An orbit that almost but not quite a geostationary orbit (GSO). In a quasistationary orbit a satellite does not hang still relative to Earth, but moves in a complex elliptical trajectory. As seen from the ground, the path of the satellite has the form of a closed intersecting loop, elongated along the horizon, and having angular dimensions of around 30° in azimuth and 5–6° in elevation. Quasistationary orbits offer a number of advantages for carrying out reconnaissance (spy) tasks, including a large monitoring area and the possibility of taking multiposition bearings on radio emitters to pinpoint their location. They were first proved out by the Canyon series and have become a characteristic feature of American SIGINT (signals intelligence) satellites. In distinction to a GSO, which has an altitude of 35,800 km and an inclination of 0°, quasistationary orbits used by SIGINT satellites have a perigee (low point) of 30,000–33,000 km, an apogee (high point) of 39,000–42,000 km, and an inclination of 3–10°.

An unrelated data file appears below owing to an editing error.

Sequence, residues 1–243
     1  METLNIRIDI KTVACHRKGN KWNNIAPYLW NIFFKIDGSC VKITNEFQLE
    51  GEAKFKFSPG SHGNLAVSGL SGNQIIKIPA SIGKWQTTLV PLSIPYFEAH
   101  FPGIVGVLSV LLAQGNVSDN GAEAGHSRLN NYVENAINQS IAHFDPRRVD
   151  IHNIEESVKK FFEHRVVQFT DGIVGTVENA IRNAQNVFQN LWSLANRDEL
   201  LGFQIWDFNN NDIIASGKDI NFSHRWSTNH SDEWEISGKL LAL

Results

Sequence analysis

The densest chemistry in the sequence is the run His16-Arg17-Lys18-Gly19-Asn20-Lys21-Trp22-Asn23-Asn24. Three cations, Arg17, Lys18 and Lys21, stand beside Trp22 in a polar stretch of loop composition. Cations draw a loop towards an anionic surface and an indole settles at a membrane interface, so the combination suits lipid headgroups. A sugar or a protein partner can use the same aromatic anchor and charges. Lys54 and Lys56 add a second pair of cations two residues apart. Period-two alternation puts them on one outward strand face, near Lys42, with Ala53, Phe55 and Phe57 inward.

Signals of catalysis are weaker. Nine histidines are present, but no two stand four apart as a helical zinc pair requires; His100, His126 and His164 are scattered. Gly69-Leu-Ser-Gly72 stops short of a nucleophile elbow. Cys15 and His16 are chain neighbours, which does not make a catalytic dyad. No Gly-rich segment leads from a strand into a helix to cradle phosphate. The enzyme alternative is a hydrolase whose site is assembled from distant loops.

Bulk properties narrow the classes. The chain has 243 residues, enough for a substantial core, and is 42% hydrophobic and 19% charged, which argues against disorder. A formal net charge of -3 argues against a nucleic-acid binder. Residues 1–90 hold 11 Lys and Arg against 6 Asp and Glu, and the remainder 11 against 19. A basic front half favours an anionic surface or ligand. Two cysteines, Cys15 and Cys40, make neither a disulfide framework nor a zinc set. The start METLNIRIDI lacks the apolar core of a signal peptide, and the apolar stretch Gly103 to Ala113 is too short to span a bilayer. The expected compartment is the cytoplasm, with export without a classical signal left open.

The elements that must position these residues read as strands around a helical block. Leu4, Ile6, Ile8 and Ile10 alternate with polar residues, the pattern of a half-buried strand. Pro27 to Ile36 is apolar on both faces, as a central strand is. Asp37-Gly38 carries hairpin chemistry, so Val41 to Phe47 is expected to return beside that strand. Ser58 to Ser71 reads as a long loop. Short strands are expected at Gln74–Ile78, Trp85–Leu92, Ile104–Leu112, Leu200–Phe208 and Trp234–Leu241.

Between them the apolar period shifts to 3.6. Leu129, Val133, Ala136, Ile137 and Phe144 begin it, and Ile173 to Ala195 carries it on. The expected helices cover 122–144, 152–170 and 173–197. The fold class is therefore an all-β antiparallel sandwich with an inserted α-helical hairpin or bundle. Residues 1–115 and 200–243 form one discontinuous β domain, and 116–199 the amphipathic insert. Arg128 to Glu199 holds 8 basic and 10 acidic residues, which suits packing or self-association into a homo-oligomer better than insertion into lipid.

Related category• CELESTIAL MECHANICS
Home • About • Copyright © The Worlds of David Darling • Encyclopedia of Alternative Energy • Contact